Essential Steps to Follow to Get the Most Out of Your Tax Return

You can't avoid taxes, but these steps will ease the burden of filing them.

Jonathan Gassman recently visited his 94-year-old mother in Florida. One of the primary purposes of his visit? To help her with her taxes. "I'm Mister Checklist," says Gassman, who runs Gassman Financial Group, and is a proponent of a simple, straightforward tax to-do checklist for all. "Let's make sure we don't leave anything off," he adds.

A tax checklist is great advice for anyone. Here are some things to consider as you build—and check off—your own list this tax season, although always review your circumstances with your financial advisor if you have one.

What to Ask a Tax Preparer

Amber Gray-Fenner, owner of Tax Therapy, urges taxpayers to ask about a tax preparer's qualifications and practice. That includes inquiring about their overall level of experience, their staffing, and the volume of work the office does.

"I do not feel like we could do more than, and this is a maximum, 350 tax returns in a season thoroughly," Gray-Fenner says. "If you have one of these pop-up shots with one preparer and they're preparing 500 returns a year, you have to wonder how they're getting it done."

Also ask about a tax preparer's written information security plan, or WISP, to see how safe your information is. "If they go deer-in-headlights, ask if they have professional liability insurance," Gray-Fenner adds.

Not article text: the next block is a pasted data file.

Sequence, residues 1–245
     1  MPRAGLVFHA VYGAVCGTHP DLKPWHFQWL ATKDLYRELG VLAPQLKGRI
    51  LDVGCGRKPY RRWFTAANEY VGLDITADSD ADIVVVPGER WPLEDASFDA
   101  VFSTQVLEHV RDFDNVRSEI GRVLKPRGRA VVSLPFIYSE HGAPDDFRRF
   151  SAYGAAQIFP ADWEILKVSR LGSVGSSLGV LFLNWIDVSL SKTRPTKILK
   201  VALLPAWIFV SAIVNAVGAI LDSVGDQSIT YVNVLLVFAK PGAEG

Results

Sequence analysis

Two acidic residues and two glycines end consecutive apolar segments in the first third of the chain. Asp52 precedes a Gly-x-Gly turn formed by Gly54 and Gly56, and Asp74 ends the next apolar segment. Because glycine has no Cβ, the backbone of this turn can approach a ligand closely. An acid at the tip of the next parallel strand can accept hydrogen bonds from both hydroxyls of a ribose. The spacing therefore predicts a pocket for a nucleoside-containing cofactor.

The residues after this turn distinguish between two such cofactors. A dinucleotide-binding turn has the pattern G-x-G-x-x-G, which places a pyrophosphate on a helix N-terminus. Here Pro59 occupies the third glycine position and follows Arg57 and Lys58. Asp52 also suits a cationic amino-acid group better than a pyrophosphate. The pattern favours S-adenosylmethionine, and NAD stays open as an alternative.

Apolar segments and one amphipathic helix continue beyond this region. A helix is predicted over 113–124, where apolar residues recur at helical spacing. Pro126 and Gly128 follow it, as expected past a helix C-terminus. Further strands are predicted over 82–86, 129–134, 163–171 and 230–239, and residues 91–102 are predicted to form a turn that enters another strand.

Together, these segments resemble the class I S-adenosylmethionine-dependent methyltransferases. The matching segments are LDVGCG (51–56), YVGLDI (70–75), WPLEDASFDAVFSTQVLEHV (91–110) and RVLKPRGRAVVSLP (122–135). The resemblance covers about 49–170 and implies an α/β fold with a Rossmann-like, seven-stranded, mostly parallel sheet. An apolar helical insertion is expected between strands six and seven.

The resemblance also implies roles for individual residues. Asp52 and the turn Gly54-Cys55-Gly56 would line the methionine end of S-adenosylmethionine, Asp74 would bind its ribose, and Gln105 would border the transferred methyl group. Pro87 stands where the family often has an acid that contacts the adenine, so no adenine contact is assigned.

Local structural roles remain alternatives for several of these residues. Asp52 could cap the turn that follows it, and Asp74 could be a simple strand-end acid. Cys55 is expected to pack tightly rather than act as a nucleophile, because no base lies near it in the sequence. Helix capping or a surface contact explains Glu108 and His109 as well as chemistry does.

Where (and When) to Start

Pull together all your documents. That includes last year's tax filing, W-2 forms; 1099 forms if you're self-employed or have certain other types of income like investment or unemployment; medical expenses; charitable donations; college tuition tax forms; and so on. Some may come in electronic form and not paper.

Start preparation as early as possible. The closer you get to Tax Day, the greater the chance that you'll have to file an extension and wait longer than you would have for a refund; preparers get busy this time of year.

Set up an online account with the IRS. You can check what you've filed and paid—and make electronic payments (much better than sending in checks).

If your family has seen an upward financial transition within the last generation, advice on strategies is a must. "The majority of folks we're talking to are the first generation of wealth builders," said Calvin Williams of Freeman Capital, which caters to underserved communities. "They are facing problems that their parents never faced."

In addition, year-over-year changes in your financial picture are always important. Life changes like a new kid (whether a baby, adoption, or foster child), the need to care for an older parent, a marriage, divorce, or death of a spouse—all of those have significant implications for taxes, according to Mark Steber of tax preparation service Jackson Hewitt. Likewise, a new job, an unexpected windfall from an investment, a major medical expense, or the purchase or sale of a house should all be factored in.

Overlooked Ways to Maximize Your Tax Payoff

There are plenty of ways to get the most out of your taxes—that plenty of us forget about. For example, an income reduction could mean unexpected access to the Earned Income Tax Credit or child tax credit for dependent children.